He got a callup when the rosters expanded and is currently getting his head handed to him by major leaguers. He's a short pitcher, and some people like to think of short right hamders as relievers only, but I don't see why. He has a good fastball and a pretty nice curve. He's consistantly made professional hitters look bad ever since signing. He came into the season with a career ERA of 2.48 and almost a K per inning. That didn't change as he posted a 3.16 ERA with 142 K's and 42 walks in 151 innings.

Pitching prospects come from all kinds of places. Some of them are well known from the very start, and are drafted high in the first round. Some are virtually unknown and drafted as a late round flier, like Snell. The Pirates got lucky and found a good one. The Padres found Jake Peavy as a 15th rounder in 1999.

ETA Early 2005
3 1/2 Stars

Daily Prospect Report 9/30

Paul Maholm, LHP, Pittsburgh Pirates
Drafted 8th Overall, 2003 Draft, Mississippi State
Bats L/Throws L
22 YO, 6'2", 215 lbs

He isn't a flame thrower, but he gets guys out like the stereotypical lefty. He has a good changeup and curve, and he mixes his speeds and locations very well for a young pitcher. He's what we Royal fans hope Matt Campbell grows up to be next season. He's done nothing but get hitters out since being drafted. He saw action at different minor league levels this season. He put up a 1.84 ERA with 20 K's and 12 BB's in 44 IP in the Carolina League.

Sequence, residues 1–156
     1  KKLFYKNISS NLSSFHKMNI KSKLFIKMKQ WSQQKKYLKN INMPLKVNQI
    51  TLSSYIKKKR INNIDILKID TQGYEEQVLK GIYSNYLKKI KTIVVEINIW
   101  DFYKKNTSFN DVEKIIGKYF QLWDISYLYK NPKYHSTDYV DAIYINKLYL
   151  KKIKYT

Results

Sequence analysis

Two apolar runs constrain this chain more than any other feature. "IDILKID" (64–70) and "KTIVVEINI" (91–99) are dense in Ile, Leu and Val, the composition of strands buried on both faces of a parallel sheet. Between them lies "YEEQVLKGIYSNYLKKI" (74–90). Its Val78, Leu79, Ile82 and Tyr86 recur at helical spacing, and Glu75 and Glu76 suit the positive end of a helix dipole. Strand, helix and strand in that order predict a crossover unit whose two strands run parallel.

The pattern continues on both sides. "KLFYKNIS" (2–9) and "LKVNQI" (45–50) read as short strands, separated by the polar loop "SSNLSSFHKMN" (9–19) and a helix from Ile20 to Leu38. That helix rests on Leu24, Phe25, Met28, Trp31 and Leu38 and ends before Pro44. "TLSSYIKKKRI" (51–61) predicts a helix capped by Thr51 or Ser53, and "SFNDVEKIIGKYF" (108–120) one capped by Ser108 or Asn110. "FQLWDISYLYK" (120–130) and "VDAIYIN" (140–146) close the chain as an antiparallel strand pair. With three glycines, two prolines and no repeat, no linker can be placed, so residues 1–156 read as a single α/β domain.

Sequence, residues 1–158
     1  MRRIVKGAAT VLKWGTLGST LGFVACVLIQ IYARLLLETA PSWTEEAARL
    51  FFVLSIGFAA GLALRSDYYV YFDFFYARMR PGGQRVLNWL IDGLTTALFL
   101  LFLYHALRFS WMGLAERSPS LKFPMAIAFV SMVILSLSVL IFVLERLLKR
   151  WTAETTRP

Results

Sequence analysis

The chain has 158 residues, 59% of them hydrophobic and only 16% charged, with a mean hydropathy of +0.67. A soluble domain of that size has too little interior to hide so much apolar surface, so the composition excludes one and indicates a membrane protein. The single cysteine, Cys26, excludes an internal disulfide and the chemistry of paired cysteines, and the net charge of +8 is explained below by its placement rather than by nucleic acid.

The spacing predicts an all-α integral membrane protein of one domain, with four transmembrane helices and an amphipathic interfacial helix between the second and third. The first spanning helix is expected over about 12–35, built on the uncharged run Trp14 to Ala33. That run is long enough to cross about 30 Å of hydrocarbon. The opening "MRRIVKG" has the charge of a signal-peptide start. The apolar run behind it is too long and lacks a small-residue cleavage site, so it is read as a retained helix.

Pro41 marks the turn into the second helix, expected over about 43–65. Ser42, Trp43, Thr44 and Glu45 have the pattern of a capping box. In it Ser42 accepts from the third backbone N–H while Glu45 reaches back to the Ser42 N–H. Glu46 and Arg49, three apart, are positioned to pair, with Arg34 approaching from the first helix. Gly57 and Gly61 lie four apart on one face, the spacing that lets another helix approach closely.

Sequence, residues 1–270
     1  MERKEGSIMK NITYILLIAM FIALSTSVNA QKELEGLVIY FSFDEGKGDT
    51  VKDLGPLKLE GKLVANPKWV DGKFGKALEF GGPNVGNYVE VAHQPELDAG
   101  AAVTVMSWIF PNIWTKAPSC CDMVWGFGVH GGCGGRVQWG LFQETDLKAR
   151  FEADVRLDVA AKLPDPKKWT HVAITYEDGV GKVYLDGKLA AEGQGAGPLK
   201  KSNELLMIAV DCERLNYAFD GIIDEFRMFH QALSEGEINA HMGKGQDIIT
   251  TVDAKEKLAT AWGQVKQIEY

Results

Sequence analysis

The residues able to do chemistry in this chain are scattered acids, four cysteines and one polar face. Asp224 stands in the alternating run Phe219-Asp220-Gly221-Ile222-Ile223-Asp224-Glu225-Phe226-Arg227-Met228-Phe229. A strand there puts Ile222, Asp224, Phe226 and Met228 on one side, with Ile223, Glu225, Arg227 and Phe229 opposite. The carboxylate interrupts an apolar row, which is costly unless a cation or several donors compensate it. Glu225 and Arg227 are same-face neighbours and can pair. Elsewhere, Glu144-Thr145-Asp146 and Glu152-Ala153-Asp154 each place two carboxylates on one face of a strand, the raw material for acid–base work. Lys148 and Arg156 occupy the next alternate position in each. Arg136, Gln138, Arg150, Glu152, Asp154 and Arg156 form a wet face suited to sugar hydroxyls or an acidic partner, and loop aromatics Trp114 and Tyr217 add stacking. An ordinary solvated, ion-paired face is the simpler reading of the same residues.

He missed a lot of time this season after being hit by a line drive in the face, breaking bones above his right eye. There should be no long term effects.

He's a polished pitcher who stands a pretty good chance of being a productive major league starter. He's unlikely to develop into a stud, but he'll be alright.

ETA 2006
3 Stars

Wednesday, September 29, 2004

Daily Prospect Report 9/29

Lastings Milledge, CF, NY Mets
Drafted 12th Overall, 2003 Draft, HS, Palmetto, FL
Bats R/Throws R
19 YO, 6'1", 185 lbs

He was supposed to be drafted in the top 5 of the 2003 draft, but he fell due to signability and attitude questions. He's a classic tools hound, with speed, an aesthetically pleasing swing, and a strong arm.

He lived up the hype for the most part this season, hitting .337/.399/.579 in the Sally League. He only drew 18 walks in his 261 AB, but he supplemented the OBP by drawing 12 free passes by getting plunked. He demonstrated impressive power for a 19 year old center fielder, with 13 HR's. He briefly went to the Hi-A Florida State League, but when he hit .235/.319/.432, they sent him back to Capital City.